Reactivity and Mechanism in Organic Chemistry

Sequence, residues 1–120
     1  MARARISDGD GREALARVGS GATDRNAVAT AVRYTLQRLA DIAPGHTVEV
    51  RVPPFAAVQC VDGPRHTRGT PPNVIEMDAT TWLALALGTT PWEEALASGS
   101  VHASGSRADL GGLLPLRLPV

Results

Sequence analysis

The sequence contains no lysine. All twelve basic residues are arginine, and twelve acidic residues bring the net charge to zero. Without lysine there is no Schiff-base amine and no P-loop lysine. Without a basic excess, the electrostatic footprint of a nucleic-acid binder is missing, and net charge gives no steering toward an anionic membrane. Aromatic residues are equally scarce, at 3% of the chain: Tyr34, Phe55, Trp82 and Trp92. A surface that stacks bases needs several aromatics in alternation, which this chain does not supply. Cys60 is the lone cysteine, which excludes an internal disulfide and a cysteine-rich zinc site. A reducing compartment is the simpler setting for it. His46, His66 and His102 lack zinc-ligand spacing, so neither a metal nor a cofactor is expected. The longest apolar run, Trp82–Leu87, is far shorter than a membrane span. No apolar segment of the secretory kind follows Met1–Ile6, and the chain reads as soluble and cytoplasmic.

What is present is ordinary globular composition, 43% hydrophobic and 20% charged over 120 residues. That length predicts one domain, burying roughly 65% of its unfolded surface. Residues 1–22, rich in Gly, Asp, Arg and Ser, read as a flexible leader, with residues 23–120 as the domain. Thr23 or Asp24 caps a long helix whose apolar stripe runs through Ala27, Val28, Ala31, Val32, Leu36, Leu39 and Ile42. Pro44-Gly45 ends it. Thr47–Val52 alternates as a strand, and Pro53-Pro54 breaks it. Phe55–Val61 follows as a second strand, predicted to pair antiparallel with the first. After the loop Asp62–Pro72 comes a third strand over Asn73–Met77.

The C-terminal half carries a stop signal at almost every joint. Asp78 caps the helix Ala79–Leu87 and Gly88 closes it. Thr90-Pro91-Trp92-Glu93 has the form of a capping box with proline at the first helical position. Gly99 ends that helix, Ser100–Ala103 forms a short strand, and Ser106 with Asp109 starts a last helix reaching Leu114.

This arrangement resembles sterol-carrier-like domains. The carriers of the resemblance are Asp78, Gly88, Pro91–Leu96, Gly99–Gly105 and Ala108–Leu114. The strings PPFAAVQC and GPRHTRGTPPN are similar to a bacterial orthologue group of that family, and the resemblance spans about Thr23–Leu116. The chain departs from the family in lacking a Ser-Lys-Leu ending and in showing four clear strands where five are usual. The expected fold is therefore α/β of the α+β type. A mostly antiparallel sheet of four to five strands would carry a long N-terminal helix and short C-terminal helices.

Completely revised and updated, this 2nd Edition of Reactivity and Mechanism in Organic Chemistry is an ideal introduction to the quantitative description of organic reactivity for students in undergraduate and masters chemistry programmes. The book proceeds logically from qualitative molecular orbital theory as a tool for the description of bonding phenomena to combining this with thermochemical data to rationalise concepts such as molecular strain and hyperconjugation. Next, transition state theory, for examining organic reactivity phenomena, is introduced and its relation to energy surfaces and simple rate equations is discussed. On this basis more specific reactivity concepts commonly used in organic chemistry are explored such as the Bell–Evans–Polanyi principle, Marcus theory, HSAB principle, Hammett correlations, the Mayr–Patz equation, and FMO theory. How these reactivity models are applied is demonstrated for pericyclic reactions and selected rearrangement reactions involving transient intermediates such as radicals, diradicals, or carbocations, and for reactions involving classical electrophile/nucleophile combinations.